As I sat down, I was not sure what ideas and thoughts were going to be presented to me from the Ole Miss students who earlier in the semester as part of their campaigns class were challenged with an objective of improving how area businesses perceive us.
While each group approached the issue differently, it became very clear all had a common theme: We must improve our connection with our community.
Read that again — we must improve our connection with our community. I asked you to read it again so it really sinks in, because, like me, it was not what you expected to hear from this group of college age students, was it? I was waiting for someone to tell me, “you should be all digital,” “you need to invent a new app,” or “create more video,” but none of that was ever said.
A reporter brings you a story about a matter of interest to the entire community. The story tells how local law enforcement personnel responded to a mass shooting at a local school that took place a week earlier, and the accusations of distraught parents. The parents claim that a deputy sheriff stated that some of the school children were wounded by friendly fire from an unidentified local police officer.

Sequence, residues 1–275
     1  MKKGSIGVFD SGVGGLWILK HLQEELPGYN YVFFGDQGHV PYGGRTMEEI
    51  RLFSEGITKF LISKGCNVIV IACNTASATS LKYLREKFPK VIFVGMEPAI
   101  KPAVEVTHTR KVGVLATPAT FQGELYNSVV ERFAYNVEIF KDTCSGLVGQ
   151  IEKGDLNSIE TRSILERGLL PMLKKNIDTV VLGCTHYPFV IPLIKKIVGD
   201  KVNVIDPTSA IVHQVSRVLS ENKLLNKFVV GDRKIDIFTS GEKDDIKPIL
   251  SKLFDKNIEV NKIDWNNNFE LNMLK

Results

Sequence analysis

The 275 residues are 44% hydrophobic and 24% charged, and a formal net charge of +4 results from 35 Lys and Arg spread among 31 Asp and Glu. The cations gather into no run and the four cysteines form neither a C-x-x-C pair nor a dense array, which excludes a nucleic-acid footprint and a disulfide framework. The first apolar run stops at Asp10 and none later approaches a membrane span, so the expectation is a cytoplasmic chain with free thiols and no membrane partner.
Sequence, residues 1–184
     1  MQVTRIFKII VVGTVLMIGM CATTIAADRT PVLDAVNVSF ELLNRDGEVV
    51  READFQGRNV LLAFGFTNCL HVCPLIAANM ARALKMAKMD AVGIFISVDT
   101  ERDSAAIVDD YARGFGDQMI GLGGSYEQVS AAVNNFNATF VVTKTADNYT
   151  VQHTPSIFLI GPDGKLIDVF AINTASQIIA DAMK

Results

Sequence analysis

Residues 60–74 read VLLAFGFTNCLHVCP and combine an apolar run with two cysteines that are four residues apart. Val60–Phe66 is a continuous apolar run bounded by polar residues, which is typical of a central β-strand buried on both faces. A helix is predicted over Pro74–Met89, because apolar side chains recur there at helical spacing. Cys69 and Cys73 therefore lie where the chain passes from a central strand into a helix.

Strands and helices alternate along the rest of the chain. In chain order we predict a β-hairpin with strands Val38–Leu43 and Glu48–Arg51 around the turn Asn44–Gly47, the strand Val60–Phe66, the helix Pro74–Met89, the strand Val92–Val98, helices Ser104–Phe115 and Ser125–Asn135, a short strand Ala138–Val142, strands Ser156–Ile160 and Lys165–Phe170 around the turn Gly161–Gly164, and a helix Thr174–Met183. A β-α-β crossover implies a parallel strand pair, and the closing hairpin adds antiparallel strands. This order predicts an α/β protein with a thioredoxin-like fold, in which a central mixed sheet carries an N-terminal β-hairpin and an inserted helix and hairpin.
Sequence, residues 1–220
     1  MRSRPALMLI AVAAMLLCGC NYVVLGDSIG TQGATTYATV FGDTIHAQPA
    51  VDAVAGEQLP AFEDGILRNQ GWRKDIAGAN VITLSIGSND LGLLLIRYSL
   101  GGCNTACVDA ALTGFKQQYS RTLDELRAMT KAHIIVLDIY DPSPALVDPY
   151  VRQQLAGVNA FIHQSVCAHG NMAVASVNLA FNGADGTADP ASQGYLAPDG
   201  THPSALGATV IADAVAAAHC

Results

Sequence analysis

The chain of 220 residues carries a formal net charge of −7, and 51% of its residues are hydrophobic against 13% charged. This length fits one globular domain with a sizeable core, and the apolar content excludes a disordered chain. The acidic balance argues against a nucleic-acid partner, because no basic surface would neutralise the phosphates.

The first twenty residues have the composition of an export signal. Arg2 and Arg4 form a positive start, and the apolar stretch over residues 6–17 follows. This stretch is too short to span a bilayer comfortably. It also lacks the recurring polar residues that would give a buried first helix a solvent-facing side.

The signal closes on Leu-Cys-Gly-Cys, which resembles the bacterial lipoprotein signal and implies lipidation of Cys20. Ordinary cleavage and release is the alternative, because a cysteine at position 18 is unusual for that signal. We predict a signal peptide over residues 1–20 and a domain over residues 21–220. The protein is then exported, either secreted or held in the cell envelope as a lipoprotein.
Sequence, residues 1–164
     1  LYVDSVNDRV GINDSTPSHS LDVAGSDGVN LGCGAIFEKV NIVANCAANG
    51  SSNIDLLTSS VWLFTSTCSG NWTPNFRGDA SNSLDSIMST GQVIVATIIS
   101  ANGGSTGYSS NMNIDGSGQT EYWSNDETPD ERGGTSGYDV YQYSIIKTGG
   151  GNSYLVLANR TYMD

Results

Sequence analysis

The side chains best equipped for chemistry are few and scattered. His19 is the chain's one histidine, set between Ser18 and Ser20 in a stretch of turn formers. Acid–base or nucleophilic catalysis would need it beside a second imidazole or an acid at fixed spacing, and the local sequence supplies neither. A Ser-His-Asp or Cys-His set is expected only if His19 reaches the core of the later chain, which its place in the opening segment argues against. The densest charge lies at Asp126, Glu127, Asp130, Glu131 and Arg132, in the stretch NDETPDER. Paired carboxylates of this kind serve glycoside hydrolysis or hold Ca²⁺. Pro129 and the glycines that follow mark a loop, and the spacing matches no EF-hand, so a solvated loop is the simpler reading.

The reporter has asked the sheriff to respond. The sheriff, who led a coordinated attack against the shooter from a command vehicle with audio-contact with his deputies and local police, says that the parents are deeply upset, which is understandable, but they are wrong. Due to their emotional state at the time, they must have misunderstood the deputy.
Your paper has published similar stories from around the country. The adequacy of training received by first responders is a recurring issue. Are you going to run the story as is, and if not, what do you plan to do?